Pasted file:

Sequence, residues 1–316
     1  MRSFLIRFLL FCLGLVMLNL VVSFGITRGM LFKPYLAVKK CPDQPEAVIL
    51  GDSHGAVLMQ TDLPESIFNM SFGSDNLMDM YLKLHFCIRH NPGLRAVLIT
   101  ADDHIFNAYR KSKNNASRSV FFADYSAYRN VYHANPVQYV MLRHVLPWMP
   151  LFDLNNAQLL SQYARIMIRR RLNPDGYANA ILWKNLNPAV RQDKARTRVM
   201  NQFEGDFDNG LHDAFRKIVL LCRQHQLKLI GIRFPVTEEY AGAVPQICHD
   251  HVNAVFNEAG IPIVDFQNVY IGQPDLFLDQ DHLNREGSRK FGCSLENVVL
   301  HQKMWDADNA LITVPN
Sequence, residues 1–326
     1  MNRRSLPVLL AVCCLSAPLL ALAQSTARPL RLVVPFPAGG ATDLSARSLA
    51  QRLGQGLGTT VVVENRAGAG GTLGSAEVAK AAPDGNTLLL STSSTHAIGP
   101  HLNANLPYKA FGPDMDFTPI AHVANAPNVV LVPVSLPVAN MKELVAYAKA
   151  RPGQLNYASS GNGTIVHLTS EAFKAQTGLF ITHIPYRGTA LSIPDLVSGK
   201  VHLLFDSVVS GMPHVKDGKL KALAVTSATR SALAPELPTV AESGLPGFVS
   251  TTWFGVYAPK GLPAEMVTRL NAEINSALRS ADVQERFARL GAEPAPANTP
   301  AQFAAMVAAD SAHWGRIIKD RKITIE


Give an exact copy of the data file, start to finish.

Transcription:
Sequence, residues 1–316
     1  MRSFLIRFLL FCLGLVMLNL VVSFGITRGM LFKPYLAVKK CPDQPEAVIL
    51  GDSHGAVLMQ TDLPESIFNM SFGSDNLMDM YLKLHFCIRH NPGLRAVLIT
   101  ADDHIFNAYR KSKNNASRSV FFADYSAYRN VYHANPVQYV MLRHVLPWMP
   151  LFDLNNAQLL SQYARIMIRR RLNPDGYANA ILWKNLNPAV RQDKARTRVM
   201  NQFEGDFDNG LHDAFRKIVL LCRQHQLKLI GIRFPVTEEY AGAVPQICHD
   251  HVNAVFNEAG IPIVDFQNVY IGQPDLFLDQ DHLNREGSRK FGCSLENVVL
   301  HQKMWDADNA LITVPN
Sequence, residues 1–326
     1  MNRRSLPVLL AVCCLSAPLL ALAQSTARPL RLVVPFPAGG ATDLSARSLA
    51  QRLGQGLGTT VVVENRAGAG GTLGSAEVAK AAPDGNTLLL STSSTHAIGP
   101  HLNANLPYKA FGPDMDFTPI AHVANAPNVV LVPVSLPVAN MKELVAYAKA
   151  RPGQLNYASS GNGTIVHLTS EAFKAQTGLF ITHIPYRGTA LSIPDLVSGK
   201  VHLLFDSVVS GMPHVKDGKL KALAVTSATR SALAPELPTV AESGLPGFVS
   251  TTWFGVYAPK GLPAEMVTRL NAEINSALRS ADVQERFARL GAEPAPANTP
   301  AQFAAMVAAD SAHWGRIIKD RKITIE